dev.Objective() Wrap-up

Well, dev.Objective is wrapping up now. This week has been my first week presenting at a conference, and I’m grateful to everyone that came out to hear what I had to say. Links to the slides are available below.

CFML Sessions for Dummies
Live Testing a Legacy App

Overall, I enjoyed the conference. As a CFML developer, I gravitated more to the CFML specific tracks and even wished there was more of it. After 3 days (4 with Into the Box) I am more than ready to head back home. I think I would just enjoy a 2-day conference track just as much, maybe even more.

One thing I especially liked was that I can’t remember hearing any one apologize for CFML here at dev.Objective(). That was a welcome change from CFSummit, where I feel that’s the pitch of the entire conference.

My favorite sessions were definitely the ones on Lucee. It was really neat to see behind the curtains, if you will, of Lucee — seeing the build happen, seeing a bug get fixed, seeing the community in action. I even entered a feature request (LDEV-888) yesterday that was added within 12 hours! Lucee is a breath of fresh air coming from ACF. I hope that I can get better at contributing back. I now know that test cases are just TestBox cfcs (like this), so I can definitely include one with a bug report.

I think my biggest complaint about dev.Objective() would be the cost. Both the conference and the hotel were pretty expensive and made it so my entire team couldn’t come. Hopefully those items can be addressed in the future in some way.

These conferences always remind me of how good the active CFML community is. I hope we can all work at getting more of the community active and contributing!

Until the next CFML conference.

Cheers,
Eric

dev.Objective() Wrap-up

Into the Box Wrap-up

Into the Box 2016 just finished up. What a great conference! It was my first time speaking and I feel like it was the perfect venue — only 30 minutes long in front of a small, supportive group about a fairly specific subject matter. Thank you to everyone who came to my sessions and supported me!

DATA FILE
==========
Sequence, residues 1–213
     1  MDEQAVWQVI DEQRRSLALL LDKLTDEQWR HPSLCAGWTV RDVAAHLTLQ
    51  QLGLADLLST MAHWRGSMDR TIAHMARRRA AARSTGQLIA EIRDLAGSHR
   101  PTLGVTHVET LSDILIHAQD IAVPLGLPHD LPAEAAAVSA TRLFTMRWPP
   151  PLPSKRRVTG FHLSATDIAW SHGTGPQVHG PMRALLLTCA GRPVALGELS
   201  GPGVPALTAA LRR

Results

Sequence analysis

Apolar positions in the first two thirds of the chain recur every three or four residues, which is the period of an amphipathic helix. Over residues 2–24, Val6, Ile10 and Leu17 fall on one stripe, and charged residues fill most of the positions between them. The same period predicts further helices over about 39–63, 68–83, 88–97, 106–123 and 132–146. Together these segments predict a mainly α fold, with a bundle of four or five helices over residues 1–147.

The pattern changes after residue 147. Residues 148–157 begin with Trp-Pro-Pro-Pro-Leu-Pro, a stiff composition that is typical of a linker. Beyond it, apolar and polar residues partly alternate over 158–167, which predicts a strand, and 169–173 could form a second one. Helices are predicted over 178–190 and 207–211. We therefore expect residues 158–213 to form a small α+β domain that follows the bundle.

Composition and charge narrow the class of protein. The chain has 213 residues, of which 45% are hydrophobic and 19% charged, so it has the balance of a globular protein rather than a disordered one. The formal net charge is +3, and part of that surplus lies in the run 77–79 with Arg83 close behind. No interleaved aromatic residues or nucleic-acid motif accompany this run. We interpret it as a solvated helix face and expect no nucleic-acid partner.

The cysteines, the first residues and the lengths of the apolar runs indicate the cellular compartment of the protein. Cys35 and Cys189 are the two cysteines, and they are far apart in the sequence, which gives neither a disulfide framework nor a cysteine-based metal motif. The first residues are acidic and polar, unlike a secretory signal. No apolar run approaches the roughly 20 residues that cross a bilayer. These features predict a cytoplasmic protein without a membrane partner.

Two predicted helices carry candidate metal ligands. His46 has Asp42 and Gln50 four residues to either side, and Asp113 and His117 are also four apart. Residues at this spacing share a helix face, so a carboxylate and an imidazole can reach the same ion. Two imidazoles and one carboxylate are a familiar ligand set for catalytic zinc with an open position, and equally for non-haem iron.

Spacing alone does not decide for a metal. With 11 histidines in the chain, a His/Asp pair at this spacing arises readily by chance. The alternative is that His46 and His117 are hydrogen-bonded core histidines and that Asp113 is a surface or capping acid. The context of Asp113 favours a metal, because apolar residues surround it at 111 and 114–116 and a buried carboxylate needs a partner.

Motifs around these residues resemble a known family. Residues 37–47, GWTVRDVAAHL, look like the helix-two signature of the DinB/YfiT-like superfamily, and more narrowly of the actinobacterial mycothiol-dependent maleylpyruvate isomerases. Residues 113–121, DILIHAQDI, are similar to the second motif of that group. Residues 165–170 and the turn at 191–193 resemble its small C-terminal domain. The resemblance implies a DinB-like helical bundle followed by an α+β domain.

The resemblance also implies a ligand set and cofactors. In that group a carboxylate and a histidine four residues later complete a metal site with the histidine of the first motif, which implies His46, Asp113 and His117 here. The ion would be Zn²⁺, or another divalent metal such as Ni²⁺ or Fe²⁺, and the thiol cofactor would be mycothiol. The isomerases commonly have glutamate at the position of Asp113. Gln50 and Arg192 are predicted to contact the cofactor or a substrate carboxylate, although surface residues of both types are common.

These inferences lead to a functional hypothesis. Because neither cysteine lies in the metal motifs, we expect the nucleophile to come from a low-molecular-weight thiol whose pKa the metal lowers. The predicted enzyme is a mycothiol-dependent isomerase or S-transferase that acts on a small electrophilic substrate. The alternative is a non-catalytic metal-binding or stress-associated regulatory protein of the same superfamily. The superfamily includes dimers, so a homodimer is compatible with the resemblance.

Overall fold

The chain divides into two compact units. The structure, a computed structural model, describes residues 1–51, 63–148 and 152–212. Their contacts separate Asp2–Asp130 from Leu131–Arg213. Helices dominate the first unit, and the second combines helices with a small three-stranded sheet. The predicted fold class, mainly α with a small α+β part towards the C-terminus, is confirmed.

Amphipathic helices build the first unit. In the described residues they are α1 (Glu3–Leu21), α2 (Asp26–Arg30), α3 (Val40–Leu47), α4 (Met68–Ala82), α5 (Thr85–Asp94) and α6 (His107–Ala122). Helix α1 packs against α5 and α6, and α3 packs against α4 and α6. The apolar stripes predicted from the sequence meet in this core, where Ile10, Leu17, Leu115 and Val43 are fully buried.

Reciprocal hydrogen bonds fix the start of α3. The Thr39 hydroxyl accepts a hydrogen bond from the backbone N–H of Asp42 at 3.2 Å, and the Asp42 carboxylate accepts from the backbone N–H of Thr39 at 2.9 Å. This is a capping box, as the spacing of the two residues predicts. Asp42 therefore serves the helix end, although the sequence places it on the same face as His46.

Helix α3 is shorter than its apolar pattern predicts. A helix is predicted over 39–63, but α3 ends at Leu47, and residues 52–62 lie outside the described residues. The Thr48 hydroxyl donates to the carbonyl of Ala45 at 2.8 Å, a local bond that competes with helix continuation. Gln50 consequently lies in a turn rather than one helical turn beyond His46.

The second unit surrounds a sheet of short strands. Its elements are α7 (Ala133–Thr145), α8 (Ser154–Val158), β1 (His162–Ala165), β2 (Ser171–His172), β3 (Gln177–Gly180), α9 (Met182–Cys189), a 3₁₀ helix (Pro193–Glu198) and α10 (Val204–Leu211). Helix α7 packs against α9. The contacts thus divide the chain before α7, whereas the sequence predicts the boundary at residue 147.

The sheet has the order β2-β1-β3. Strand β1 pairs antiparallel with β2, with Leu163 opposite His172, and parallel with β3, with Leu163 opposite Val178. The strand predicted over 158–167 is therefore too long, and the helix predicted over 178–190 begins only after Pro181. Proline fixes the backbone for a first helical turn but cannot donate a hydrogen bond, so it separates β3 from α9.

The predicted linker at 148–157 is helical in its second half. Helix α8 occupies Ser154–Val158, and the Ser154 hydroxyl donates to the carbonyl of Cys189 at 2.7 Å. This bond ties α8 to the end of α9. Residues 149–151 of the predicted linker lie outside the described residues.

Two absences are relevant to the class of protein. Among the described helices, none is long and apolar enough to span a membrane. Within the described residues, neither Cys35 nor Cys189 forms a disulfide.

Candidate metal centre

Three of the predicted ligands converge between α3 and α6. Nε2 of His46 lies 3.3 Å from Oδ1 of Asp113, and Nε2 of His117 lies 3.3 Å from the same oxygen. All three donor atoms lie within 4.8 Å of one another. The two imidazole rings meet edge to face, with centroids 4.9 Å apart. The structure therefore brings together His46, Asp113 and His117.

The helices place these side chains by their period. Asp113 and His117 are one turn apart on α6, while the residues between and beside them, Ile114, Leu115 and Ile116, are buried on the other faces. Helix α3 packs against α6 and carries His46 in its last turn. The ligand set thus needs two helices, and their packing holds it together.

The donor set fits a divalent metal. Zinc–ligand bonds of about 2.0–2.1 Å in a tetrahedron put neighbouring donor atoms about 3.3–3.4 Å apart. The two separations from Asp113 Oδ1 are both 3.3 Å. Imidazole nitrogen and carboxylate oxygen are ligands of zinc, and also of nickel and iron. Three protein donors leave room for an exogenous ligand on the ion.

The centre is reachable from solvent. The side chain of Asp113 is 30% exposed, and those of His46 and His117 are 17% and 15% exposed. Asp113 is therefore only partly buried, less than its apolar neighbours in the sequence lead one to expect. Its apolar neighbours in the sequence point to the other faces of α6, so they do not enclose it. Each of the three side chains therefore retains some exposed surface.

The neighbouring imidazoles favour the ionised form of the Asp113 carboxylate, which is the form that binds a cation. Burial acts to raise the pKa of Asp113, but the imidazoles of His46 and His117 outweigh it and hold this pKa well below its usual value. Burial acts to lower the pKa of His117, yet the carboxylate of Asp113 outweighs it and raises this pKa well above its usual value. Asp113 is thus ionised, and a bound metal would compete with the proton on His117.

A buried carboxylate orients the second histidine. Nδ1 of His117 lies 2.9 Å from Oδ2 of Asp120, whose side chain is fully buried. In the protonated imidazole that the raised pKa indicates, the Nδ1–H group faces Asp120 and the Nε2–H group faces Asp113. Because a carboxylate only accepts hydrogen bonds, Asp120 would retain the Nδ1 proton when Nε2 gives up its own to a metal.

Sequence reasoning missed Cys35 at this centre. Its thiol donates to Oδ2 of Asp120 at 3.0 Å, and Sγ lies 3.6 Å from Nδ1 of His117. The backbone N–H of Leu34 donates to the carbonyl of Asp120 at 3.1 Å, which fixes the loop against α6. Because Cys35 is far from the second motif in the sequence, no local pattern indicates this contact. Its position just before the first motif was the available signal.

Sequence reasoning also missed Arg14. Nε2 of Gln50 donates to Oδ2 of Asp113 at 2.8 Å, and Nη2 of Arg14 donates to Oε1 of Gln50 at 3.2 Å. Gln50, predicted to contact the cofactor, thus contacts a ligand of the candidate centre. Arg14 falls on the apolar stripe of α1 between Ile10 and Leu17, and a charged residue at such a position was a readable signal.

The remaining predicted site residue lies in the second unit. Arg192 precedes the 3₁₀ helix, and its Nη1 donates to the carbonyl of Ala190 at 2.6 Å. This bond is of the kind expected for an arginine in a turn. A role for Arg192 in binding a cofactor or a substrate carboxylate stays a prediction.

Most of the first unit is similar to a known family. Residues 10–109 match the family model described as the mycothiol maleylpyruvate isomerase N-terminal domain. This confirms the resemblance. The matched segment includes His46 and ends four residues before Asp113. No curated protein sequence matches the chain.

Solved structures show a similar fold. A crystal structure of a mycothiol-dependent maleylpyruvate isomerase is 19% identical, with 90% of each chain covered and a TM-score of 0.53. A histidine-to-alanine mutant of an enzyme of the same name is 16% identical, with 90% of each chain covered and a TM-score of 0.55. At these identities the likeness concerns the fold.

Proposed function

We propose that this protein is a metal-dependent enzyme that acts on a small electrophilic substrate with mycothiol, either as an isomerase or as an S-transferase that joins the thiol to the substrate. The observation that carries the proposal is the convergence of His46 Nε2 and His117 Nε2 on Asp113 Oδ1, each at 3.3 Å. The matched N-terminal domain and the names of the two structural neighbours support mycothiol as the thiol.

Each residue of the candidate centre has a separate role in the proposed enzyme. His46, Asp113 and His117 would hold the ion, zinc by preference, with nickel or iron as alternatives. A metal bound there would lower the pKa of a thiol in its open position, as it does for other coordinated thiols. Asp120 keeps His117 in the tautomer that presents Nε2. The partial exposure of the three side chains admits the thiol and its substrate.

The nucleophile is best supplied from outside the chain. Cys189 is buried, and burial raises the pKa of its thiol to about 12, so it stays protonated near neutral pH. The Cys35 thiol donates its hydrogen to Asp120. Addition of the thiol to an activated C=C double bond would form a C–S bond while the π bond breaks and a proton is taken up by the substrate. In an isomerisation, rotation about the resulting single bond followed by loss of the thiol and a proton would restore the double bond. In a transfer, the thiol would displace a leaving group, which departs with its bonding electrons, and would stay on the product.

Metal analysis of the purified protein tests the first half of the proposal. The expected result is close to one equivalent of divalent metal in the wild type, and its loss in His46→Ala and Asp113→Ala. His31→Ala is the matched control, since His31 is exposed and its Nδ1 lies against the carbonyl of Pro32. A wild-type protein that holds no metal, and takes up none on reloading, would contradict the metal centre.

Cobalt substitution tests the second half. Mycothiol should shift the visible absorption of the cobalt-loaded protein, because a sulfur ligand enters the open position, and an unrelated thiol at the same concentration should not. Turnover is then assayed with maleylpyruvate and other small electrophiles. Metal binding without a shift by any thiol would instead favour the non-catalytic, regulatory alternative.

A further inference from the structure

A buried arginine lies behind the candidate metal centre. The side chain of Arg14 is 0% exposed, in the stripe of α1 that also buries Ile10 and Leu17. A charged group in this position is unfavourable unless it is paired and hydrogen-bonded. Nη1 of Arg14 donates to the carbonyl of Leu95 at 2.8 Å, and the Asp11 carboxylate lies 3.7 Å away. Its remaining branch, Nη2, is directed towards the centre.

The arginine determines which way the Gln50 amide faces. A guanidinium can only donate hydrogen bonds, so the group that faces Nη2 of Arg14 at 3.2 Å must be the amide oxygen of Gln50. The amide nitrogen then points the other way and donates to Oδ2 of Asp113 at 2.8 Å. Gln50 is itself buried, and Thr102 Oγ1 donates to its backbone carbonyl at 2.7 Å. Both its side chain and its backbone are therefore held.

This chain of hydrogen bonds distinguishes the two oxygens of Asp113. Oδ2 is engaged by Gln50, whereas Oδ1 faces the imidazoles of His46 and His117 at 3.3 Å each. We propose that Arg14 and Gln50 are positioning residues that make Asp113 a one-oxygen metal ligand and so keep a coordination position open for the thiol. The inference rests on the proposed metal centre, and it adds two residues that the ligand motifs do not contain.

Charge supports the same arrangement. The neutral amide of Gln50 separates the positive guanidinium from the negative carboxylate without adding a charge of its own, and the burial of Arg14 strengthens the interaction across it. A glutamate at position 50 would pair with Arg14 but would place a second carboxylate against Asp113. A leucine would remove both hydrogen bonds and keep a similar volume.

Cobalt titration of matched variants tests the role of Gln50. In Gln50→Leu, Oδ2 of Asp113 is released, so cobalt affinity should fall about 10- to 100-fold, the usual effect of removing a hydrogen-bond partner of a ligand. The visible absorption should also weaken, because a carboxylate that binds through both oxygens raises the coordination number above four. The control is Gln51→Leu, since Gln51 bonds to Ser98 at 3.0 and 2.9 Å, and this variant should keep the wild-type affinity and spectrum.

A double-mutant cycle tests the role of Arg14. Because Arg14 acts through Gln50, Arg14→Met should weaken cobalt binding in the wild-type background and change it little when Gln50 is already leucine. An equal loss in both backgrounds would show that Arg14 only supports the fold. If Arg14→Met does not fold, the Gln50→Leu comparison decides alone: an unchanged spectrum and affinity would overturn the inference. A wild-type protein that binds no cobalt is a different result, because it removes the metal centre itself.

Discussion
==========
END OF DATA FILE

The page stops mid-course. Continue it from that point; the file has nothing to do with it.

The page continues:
Below are the links to my slides for the presentations:

Mixing Up the Front-end with ColdBox Elixir
Integration Testing in a Modern World

I’m really excited for Into the Box next year, as well. The plans are right now to expand Into the Box to a 2-day conference all focused on Box products. I think that is a good idea. I really enjoyed how specific the content was, and I definitely have more to learn about this awesome framework and the tools around it. Looking forward to it!

Next up is dev.Objective(). I have two presentations there as well. If you’re in town, I hope to see you there.

CFML Sessions for Dummies
Live Testing a Legacy App

Into the Box Wrap-up

Multi-Engine CI in Travis with CommandBox 3.1.0

CommandBox 3.1.0 is just around the corner and comes with a host of amazing features! While the new ForgeBox integration deserves an entire post on its own, I want to talk about starting different CFML engines all from CommandBox.

Brad Wood outlines it on his blog here. Basically, the CFML engines are now packages on ForgeBox, and you can start a specific engine by setting the cfengine parameter for the server start command. It has never been easier!

But this is all on Brad’s blog post. I don’t need to review that for you. What I want to show is how this makes continuous integration testing on multiple CFML engines a breeze.

I’ve used CommandBox to run my continuous integration (hereafter CI) tests on Travis for a while now. It was super simple to use the testbox run command to run my tests and search for any failed tests. The one drawback with this approach, though, is that CommandBox only runs Lucee 4.5. This was okay for certain projects where the app would only be ran in Lucee, but it didn’t work well for libraries and modules.

For libraries and modules, I mostly turned to CFML-CI, a template to get multi-engine CI running on Travis using Ant. Take a look at that build.xml file, though:

(Prepare to scroll…)

😳

Hard to grok, isn’t it? Up until now, it was arguably the best way to run multiple engines.

Enter CommandBox 3.1.0.

Everything can be done from the .travis.yml file. Here’s the one I use as my template:

Up in the matrix section, I can define all the platforms to run my tests against. In the before_script section, I use the platform to start a server. Then, my simple script mentioned earlier runs my tests for me. Travis will run these engines concurrently, so I can test all my engines in the time it would take to test one.

Here’s what it looks like on Travis:

Multi-Engine CI in Travis

It’s. That. Easy.

Huge props to Denny Valiant and Brad Wood for the amazing work here. Because of this, I can better support Adobe ColdFusion on my modules, something I was constantly reacting to instead of catching with my tests. My CI set up has never been so easy.

Multi-Engine CI in Travis with CommandBox 3.1.0

When does `BeforeAll` run in TestBox?

Just a quick gotcha I found tonight.

I was trying to get Selenium running in a project using Ortus Solution’s fork of CFSelenium. Here’s the test for the login page:

I thought it would be neat and clean to write the setup for the tests after the given and when sections. Only one problem.

Cannot find Selenium in variables

This was confusing to me. Dumping the variables scope in the beforeAll method showed Selenium, but not in my when block.